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The changing face of dead Russian soldiers Journalists at the BBC and Mediazona have recorded the names of more than 25,000 Russian combatants killed in Ukraine. The typical KIA soldier isn’t who he used to be.
Since the start of Russia’s full-scale invasion of Ukraine, journalists at the BBC and Mediazona, working with a team of volunteers, have used open-source data to track the number of Russian soldiers killed in the war. By mid-June 2023, they had counted the names of more than 25,000 Russian combatants known to have died in Ukraine. (For reference, Russia’s Defense Ministry last claimed, nine months ago in September 2022, that only 5,937 Russian soldiers have died, whereas the Ukrainian military claims to have killed more than 200,000 invading troops. Western analysts put Russia’s losses in the tens of thousands.)
This research by the BBC, Mediazona, and their volunteer team paints an evolving picture of the “typical Russian soldier” likeliest to lose his life in combat. In a new report, released in both Russian and English, journalists reached the following conclusions.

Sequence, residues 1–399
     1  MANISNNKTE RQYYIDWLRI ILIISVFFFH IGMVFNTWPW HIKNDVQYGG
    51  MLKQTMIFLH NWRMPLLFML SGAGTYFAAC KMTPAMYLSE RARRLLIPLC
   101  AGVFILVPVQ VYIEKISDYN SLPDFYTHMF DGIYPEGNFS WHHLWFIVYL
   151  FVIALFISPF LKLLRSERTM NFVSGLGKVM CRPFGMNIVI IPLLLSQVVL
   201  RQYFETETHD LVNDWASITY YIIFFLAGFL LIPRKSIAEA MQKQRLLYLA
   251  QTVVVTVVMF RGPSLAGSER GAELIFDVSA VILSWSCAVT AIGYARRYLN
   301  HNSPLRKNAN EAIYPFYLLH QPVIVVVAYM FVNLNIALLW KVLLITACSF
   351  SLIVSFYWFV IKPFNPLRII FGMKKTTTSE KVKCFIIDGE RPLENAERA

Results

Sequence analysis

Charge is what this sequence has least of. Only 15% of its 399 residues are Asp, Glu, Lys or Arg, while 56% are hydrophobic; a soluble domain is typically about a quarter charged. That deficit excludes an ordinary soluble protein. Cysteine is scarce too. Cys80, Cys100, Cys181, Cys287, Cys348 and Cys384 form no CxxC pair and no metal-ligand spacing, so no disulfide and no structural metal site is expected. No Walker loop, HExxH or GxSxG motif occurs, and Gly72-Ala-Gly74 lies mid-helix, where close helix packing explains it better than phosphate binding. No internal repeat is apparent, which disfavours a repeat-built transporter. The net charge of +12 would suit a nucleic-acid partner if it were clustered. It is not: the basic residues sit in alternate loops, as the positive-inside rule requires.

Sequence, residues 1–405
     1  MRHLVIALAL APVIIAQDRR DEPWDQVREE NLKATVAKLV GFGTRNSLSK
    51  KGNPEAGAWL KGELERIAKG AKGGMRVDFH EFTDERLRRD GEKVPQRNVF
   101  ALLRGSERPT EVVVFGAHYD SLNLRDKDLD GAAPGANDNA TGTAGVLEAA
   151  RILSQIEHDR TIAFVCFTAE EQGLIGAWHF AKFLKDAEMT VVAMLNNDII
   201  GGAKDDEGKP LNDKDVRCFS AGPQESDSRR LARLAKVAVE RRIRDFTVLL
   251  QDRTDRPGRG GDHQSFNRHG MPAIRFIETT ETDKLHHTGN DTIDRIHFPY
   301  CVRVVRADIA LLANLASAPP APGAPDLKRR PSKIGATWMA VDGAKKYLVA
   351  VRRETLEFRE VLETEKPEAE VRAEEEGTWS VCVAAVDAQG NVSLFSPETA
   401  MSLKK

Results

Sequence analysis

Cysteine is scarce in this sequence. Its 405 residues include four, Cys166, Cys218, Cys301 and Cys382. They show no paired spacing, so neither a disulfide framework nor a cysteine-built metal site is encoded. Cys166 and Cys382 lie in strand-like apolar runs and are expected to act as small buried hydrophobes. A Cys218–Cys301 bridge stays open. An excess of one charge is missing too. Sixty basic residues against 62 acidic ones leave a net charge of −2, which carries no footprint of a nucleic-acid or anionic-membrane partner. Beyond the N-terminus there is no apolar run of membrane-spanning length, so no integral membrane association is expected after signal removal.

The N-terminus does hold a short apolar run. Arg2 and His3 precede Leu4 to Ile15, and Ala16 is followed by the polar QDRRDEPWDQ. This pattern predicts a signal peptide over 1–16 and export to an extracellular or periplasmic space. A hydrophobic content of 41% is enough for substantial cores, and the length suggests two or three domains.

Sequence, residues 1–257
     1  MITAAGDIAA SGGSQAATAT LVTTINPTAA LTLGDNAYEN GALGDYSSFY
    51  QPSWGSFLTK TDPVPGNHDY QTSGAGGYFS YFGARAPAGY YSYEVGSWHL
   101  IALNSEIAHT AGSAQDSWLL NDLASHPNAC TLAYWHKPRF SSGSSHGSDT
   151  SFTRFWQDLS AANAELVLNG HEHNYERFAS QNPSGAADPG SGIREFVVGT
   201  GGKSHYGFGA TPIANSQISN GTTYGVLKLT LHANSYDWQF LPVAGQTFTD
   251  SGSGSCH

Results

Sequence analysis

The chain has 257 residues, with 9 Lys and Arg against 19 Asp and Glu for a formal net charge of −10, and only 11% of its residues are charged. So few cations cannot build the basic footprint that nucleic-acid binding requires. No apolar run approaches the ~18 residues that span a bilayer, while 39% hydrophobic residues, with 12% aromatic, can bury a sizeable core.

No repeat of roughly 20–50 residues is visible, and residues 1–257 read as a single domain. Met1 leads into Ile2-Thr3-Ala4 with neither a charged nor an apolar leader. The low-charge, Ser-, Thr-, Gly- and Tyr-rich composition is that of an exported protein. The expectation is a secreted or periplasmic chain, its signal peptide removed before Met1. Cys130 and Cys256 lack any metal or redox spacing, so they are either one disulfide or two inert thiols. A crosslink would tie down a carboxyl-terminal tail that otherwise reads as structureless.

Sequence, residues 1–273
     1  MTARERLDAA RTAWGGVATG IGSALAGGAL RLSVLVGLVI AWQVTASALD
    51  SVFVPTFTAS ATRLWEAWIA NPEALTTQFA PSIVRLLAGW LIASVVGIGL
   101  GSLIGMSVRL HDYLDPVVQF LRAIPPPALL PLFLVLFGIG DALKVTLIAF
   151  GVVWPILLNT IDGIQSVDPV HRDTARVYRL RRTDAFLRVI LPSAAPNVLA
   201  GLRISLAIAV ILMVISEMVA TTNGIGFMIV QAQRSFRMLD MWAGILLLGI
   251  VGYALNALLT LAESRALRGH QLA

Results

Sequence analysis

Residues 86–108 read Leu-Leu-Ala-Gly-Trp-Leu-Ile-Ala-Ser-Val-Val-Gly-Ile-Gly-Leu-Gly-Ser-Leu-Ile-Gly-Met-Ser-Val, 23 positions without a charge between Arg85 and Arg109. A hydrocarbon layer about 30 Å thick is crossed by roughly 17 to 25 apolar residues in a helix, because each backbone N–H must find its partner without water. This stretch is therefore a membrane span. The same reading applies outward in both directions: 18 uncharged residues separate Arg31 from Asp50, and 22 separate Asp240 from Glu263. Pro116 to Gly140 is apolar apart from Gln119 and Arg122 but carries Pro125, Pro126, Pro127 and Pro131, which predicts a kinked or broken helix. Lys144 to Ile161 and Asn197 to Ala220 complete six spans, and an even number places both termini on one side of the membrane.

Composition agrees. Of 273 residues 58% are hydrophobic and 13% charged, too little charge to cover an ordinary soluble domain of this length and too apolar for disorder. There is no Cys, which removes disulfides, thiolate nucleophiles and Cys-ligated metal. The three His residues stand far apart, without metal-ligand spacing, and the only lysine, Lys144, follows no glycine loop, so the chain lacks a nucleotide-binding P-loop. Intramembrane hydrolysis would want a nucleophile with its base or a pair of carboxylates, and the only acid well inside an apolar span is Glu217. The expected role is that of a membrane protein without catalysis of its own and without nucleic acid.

- In the first three months of the full-scale invasion, the “typical Russian combatant killed in action” was a 21-year-old contract soldier.
- By the spring and summer of 2023, that “typical Russian soldier” is now a 34-year-old former prison inmate of unknown rank.
Based on the BBC’s calculations, nearly 800 officers and roughly 2,300 contract soldiers between the ranks of private and sergeant were killed in the first three months of the invasion. Over three months in the spring and summer of 2023, however, deaths among professional servicemen have declined. The journalists don’t clarify exactly which months they measured for this latter period, but they recorded just 148 killed officers and about 400 deaths among privates and sergeants. Meanwhile, in this same time period, the BBC and Mediazona recorded the names of almost 1,300 prison inmates reported killed in Ukraine, in addition to 750 killed Wagner Group mercenaries and 780 killed draftees.
According to Jack Watling, a military expert at the Royal United Services Institute for Defense and Security Studies, these changing trends indicate that Moscow has adapted its tactics in Ukraine and is now deliberately holding back its remaining professional army, using these troops to maintain current positions. Russia will only deploy its professional soldiers again in offensive operations “when conditions are right,” argues Watling.
Watling also observes that military commanders are increasingly using former inmates and draftees “as disposable troops” to carry out limited attacks designed either to wear down Ukrainian forces or to establish the coordinates needed for Russian artillery strikes. “They send them forward in the expectation that they will be killed,” Watling told the BBC.
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